Apple Muffins

Peel and finely dice 4 cups apples. Sprinkle over them 2 tablespoons fresh lemon juice. Thoroughly combine the apples with 3 and 1/2 cups all purpose flour, 2 cups granulated sugar, 1 teaspoon salt, 1 teaspoon soda, and 1 teaspoon cinnamon.

Stir in 1 and 1/2 cups Crisco oil, 1 teaspoon vanilla, and 1 cup walnut pieces.

Add 2 beaten eggs along with 1/3 cup water. Half fill muffin cups. Bake at 350 degrees for 20 minutes, or until toothpick comes out clean. As muffins come out of oven, let them rest for 5-10 minutes before gently removing to serving plate.

Back when our mom was healthy, she would pack a box full of those muffins along with a baked ham and her angel biscuits on trips to visit us in Ohio.

Gift Idea in Dementia

To my readers, I am sharing a second article written by Dr. Cheryl Achterberg, Ph. D. I invite you to visit Dr. Achterberg’s blog: “About Caregiving and Dementia. Mostly.” which can be accessed by going to cherylachterberg.net.

Her article follows:

Gift ideas for loved ones with dementia are few and far between. It usually boils down to slippers, pajamas, maybe a shawl to keep warm. Gift ideas that are therapeutic are rarer. But my friend, Pat White, has something special to offer.

As a carer herself and volunteer for more than 10 years in assisted living homes, Pat knows the power of pictures to elicit fond memories from the past. She began showing family pictures to various residents to encourage them to talk. She also reviewed the literature and found that “reminiscence therapy” is real and more powerful than simply chatting or socializing among individuals with dementia. What would most of us give to create warm fuzzy feelings in our loved ones? It has become an important and urgent need in this COVID era when many of us are not even allowed to visit our loved ones in person. Thus, the seeds were planted for the start-up of a compassionate business of making posters for families who have loved ones with dementia.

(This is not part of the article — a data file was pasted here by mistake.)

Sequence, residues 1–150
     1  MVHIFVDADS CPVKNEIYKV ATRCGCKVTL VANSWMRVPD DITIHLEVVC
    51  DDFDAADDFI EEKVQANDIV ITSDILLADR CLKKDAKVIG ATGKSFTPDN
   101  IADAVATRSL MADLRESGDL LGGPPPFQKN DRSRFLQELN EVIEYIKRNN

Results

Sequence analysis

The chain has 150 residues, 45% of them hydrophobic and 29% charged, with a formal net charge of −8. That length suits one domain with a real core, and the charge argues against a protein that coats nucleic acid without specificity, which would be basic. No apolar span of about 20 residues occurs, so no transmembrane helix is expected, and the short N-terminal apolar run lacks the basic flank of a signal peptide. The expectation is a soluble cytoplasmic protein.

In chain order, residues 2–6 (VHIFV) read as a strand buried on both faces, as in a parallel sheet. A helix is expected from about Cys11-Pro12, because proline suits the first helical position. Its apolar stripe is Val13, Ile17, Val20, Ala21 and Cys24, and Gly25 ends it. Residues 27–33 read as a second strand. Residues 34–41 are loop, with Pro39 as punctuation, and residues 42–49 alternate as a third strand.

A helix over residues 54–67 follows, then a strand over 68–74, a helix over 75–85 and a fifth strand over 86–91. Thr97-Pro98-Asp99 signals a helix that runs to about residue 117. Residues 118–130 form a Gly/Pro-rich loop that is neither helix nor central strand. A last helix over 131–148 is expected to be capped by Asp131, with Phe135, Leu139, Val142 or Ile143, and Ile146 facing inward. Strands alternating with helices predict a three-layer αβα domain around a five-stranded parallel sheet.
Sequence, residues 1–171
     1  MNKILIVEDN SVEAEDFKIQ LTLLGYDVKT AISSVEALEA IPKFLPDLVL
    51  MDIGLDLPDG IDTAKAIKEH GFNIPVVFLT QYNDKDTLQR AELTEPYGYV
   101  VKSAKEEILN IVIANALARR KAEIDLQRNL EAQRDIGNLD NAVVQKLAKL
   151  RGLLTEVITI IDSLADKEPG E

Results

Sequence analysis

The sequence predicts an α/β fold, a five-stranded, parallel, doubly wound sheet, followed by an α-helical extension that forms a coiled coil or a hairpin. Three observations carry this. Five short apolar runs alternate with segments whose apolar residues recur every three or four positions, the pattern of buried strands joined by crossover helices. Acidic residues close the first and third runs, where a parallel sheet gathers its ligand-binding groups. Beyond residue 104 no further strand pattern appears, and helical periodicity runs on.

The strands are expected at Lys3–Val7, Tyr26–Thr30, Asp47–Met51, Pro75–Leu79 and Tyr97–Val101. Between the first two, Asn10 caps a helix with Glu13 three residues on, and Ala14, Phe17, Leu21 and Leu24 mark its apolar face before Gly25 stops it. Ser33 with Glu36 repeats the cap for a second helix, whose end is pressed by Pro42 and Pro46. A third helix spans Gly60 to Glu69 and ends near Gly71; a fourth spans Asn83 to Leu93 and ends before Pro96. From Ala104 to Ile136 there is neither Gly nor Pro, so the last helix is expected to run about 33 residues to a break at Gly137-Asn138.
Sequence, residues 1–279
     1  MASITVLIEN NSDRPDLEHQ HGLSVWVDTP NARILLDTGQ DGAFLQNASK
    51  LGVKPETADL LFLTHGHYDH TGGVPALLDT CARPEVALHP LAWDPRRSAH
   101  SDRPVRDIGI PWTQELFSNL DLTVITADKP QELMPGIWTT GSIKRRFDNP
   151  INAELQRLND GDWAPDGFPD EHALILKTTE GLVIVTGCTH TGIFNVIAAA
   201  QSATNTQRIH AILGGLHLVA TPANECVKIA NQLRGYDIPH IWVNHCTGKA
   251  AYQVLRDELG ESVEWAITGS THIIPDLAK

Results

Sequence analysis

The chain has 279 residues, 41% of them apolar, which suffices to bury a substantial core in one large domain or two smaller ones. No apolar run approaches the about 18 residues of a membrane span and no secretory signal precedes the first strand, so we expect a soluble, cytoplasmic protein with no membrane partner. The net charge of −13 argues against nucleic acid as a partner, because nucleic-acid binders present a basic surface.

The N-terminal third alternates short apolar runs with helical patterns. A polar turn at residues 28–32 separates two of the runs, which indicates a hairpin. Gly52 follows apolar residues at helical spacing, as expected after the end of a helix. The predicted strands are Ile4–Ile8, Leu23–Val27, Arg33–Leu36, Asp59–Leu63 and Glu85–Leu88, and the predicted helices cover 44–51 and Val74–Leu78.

The idea is that each poster is unique to each person it is made for. The posters are meant to capture special happenings in a life and/or to remind a person of their past and the special people in it. Long term memories are held longer than nearer time memories in dementia, especially those memories associated with adolescence and the early 20s. Seeing these pictures can provide comfort to a person with dementia even if no one else is present. They can also be a conversation starter with any visitors, family or staff who are present. The research indicates that individuals who have Alzheimer’s and memories elicited and talked about in this way are happier and healthier than those who merely socialize.

I’m guessing that personalized posters would make a terrific gift for the holidays. Pat provides choices as to size and the number of pictures displayed. There were five pictures for my husband’s poster because he is advanced in his disease and I didn’t think he could process more than that at a given time. I chose a picture of himself, a picture of his family growing up, a picture of our wedding, one of his children, and a picture of the plane he flew into Antarctica on. Up to 20 photos can be accommodated in posters ranging from 16 x 20 inches to 27 x 40 inches in size.

Pat’s products and website are clean and colorful. The instructions are clear, the order is built online, and the posters take about a week to produce. A proof is sent to you before finalization too.


I didn’t mean for my blog to be an advertisement site, but I was so impressed with Pat’s work that I wanted to share it with you too. And again, I think it might be a perfect gift idea for the upcoming holiday season.